Richard Linklater is one of my favorite directors. Films like “Waking Life,” “Before Sunrise”/”Before Sunset”/”Before Midnight,” “Dazed and Confused,” “School of Rock,” “Bernie,” and “Me and Orson Welles” display his restless intelligence and remarkable range. His latest film, “Boyhood,” was an under-the-radar twelve-year project, filming just a few days each year, so that we watch the main character, Mason, played by Ellar Coltrane, grow up before our eyes. It was an honor to have a chance to talk to him about the film.
“This is an odd movie, because it’s a period piece film, but we were filming it in the present tense,” he explained. “You don’t get that opportunity very often.” Knowing as you film that what you are shooting won’t be seen for another decade, “you kind of look at that differently. Film’s a powerful recorder of the present. If you look at a silent film, even if you don’t like the movie, it’s a great record of how people lived and what fashions were. I had no agenda, but I thought this would demarcate its era, just by its own existence.”
He said he wanted the film to reflect the way that children process time differently from adults. “When you’re young, you hear a song and it’s very specific — fifth grade, eighth grade. When you get older, it gets kind of mushy. It doesn’t mean as much. It gets a little more undifferentiated.”
It is an extraordinary, unprecedented form of storytelling but he said he wanted it to be an ordinary family at the heart of the story. “These are not superheroes. They’re people trying to maneuver through life like everybody.”
Mason’s parents, played by Ethan Hawke (Mason senior) and Patricia Arquette (just billed as “Mom”) are separated, at in the film’s first scenes, Mason senior returns after an extended time in Alaska, to see his children. He said he wanted “the off-screen separation to be a little mysterious,” to maintain the point of view of the children, showing us that children “just feel the effects. I didn’t want to give the audience information that is outside the viewpoint of the kids.” Because the actors themselves interacted so little in filming, they were each able to develop their own ideas about what had happened in the relationship. “Both of the parents are admirable and a little triumphant in varying degrees. He wanted to be a dad and he is. He is a big figure in their lives. And she wants to provide for her kids and get an education and she does. She’s kind of a great woman, flaws and all. Who doesn’t have that?”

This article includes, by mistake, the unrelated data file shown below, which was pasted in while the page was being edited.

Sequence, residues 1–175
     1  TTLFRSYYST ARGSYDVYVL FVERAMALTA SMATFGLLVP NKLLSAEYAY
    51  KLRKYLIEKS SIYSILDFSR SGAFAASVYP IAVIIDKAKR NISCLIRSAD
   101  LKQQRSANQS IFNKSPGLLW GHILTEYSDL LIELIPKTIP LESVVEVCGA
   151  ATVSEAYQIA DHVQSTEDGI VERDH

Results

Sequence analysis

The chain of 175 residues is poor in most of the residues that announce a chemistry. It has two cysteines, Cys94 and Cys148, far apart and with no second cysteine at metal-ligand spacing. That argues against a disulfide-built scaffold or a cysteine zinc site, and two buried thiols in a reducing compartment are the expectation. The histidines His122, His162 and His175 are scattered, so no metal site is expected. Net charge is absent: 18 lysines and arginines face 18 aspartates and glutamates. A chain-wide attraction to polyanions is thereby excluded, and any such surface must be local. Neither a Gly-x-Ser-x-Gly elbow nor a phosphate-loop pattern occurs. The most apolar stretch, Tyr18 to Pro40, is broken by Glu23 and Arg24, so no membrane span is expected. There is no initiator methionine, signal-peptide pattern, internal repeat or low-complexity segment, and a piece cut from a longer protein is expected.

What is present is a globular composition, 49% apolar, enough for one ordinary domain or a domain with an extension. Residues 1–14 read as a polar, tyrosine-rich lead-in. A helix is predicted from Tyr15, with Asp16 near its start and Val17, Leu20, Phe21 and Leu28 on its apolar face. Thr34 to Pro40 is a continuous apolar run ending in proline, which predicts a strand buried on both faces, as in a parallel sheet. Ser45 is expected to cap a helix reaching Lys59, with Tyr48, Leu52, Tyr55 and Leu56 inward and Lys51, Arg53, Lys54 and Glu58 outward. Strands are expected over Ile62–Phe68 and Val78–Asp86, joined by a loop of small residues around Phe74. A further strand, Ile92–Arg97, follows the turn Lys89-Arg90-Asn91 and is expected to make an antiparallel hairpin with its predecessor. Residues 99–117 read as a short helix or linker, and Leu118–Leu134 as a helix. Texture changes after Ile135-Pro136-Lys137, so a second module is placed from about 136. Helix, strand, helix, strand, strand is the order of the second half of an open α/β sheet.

He had the big picture, “the big issues, moving, the end, the last shot” early on. “I kind of work that way, big structure planned out, and then kind of macro/micro within it a lot of leeway to be inspired. In most movies, you’re very rushed during production. It’s great to work like a sculptor. I’ll work three days, and then edit, and then think for a year. Film doesn’t give you that and I wanted to take advantage of it! Watch at home at 2 in the morning, thinking ‘What does the story need? Is this part working? Oh, I need to put back in this relationship. I never made a film that felt like it wanted to be itself so much. They always say films are like your kids, but I never believed that before. With this one, I actually do. It’s its own living, breathing person who I’m now sending off to college. Reluctantly.”
And Linklater’s own living, breathing daughter is in the movie, playing Mason’s older sister, Samantha. Linklater said that as the younger brother with older sisters in his own family, “it was hard to carve out space for myself. They have such an impact on you.” The girls were such a powerful force in his life and he wanted Mason to have a sister who was part thorn in his side, part witness, part support system. “They have that rivalry, but as they get older they support each other.”
Mason sees a range of models of masculinity in the film — his father, two stepfathers, even a teacher who really takes him to task in a scene set in the red light of a photographic darkroom. “It’s a male world. They’re in your face. The male world is in your face, compelled to shape the youth and be in your face all the time. Men want to be mentors. Moms will still straighten you out, but they’re more accepting. A step-parent is a fraught relationship anyway. These guys who are suddenly in his life — no one asked him — they have influence and authority over him that he feels maybe they haven’t earned. That’s his perspective. They’re probably not as bad as he sees them.” In what Linklater called “one of the most violent scenes you will see this year,” Mason’s long hair is cut short at the direction of his stepfather. Linklater told us that Coltrane’s look of mute, impotent, fury was all acting. Linklater insisted that Coltrane grow his hair for a few months before the shoot so they could do that scene, and the reality was that he was relieved in the hot Texas summer to get it cut off.
Making the film this way meant no opportunity to go back and re-shoot a scene or add in something extra. That was fine with Linklater. “Work hard and if that’s the best you could do at that moment, you should be okay with it and make your peace with it. I’ve never done a lot of reshoots. I believe in making it work. That’s the good thing about movies and art in general.”
Many thanks to Rebecca Cusey for sharing this interview with me and for her thoughtful questions.